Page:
August 15, 2013
Weekly Language Usage Tips: salami science (least publishable unit) & work or works
First a clarification.
Last week, I wrote:
Remember, last week I said that publications were the currency of the realm in academia. We don’t want to spend all of our money in one shot! A common rookie mistake is to put everything in one paper. Why do that when we can develop three or four papers based on what we have learned?
A reader wrote:
Hmmmm…..Have you ever heard of the academic malady called ‘salami publishing,’ or the concept of the ‘least publishable unit’?
Editors have been railing about these phenomena for years; a typical commentary is this one from the editors of Nature in 2005, found at http://www.nature.com/nmat/journal/v4/n1/full/nmat1305.html Or this from Science in 1981: http://www.sciencemag.org/content/211/4487/1137 … Those of us on the library side of medicine are well aware of the myriad problems with indexing, accessing, evaluating, systematically reviewing, etc., the literature that result from salami publishing and the endless pursuit of the least publishable unit by rookie and experienced researchers alike!
I’d urge you to urge our colleagues to write one good paper rather than multiple repetitive ones!
First, I’d like to get this out of the way: I would never recommend salami publishing! You know me better than that! Salami publishing is the practice of breaking up findings to produce multiple similar articles instead of one complete article, that is, using the least publishable unit to increase the researcher’s publication record. I would always advocate writing ‘one good paper rather than multiple repetitive ones,’ as the reader said.
However, in health services research, we often collect data in a number of ways, through interviews, self-reported surveys, observation, review of medical records, testing interventions, conducting clinical trials, and so forth. We collect data to answer the original research question, but we often collect other data that tells us some other things that are interesting but are not directly pertinent to the original research question. That’s what I was talking about. If we wanted to put all the findings in one article, it would be very convoluted, and it is very possible that the focus of the question we asked in the first place would get lost. It would be considerably stronger to have multiple papers that are not repetitive where each focuses on a separate issue or finding. For the record, don’t get involved with salami science or the least publishable unit, but do thoughtfully and purposely examine your data to see how you can best report it.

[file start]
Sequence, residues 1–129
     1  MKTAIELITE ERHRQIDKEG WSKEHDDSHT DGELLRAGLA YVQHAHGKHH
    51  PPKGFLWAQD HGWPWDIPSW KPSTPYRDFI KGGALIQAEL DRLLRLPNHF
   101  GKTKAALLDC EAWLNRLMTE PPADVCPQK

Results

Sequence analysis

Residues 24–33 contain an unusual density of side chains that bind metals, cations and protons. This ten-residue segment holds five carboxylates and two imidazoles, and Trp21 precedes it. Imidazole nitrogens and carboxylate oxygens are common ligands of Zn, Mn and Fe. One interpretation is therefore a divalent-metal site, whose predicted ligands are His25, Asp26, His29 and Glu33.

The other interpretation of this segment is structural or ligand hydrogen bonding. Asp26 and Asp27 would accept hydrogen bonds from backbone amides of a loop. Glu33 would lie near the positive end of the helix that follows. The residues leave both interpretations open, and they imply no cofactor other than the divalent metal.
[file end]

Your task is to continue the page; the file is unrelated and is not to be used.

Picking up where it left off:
By the way, I recommend the articles associated with the links in the reader’s note.
Tip: Work or works
A reader writes:
Further on plural words, I have a doubt regarding the word ‘work’ when used as a noun.
Is ‘works’ the plural of ‘work’? Recently, in a paper, I had written a sentence which read: ‘Some recent works have explored this idea in the context of … [references].’ A reviewer asked me to change “recent works” to “recent work.” Would it be a valid change?
Well, you know how I feel about publishing and trivial changes, that is, if the change isn’t consequential and not actually wrong and doesn’t affect the point you are making, go ahead and make the change, let’s get published. I would count this reviewer’s request in this category.
That being said, there are those that insist it should be ‘recent work,’ and there are those who insist it be ‘recent works.’ I have seen reviewer comments that have asked the writer to change ‘work’ to ‘works,’ so it goes both ways. The trouble is that ‘work’ can be either a mass (uncountable)—There is much work to be done (indefinite quantity of work)—or a countable noun—I’ve got the complete works of Nikos Kazantzakis (I have all of the books that he has written).
So, in the reader’s example, it really could go either way. If the author was referring to a specific set of articles, ‘some recent works’ seems legitimate. However, if the writer was referring to an unspecified quantity of related research, ‘recent work’ seems appropriate.
For some, this is a philosophical question about the nature of science and whether we should be considering the body of work as a whole instead of the separate work of individuals.
Not going there.
I found one style manual that noted that authors should always use ‘work’ as a mass noun in scientific writing, but the manual’s next rule is ‘always write in the passive voice,’ so you can imagine what I think of that.
So is it a valid change? Let’s say it is a correct change, but not making the change is correct, too. I wouldn’t contest it. As I said, let’s get published.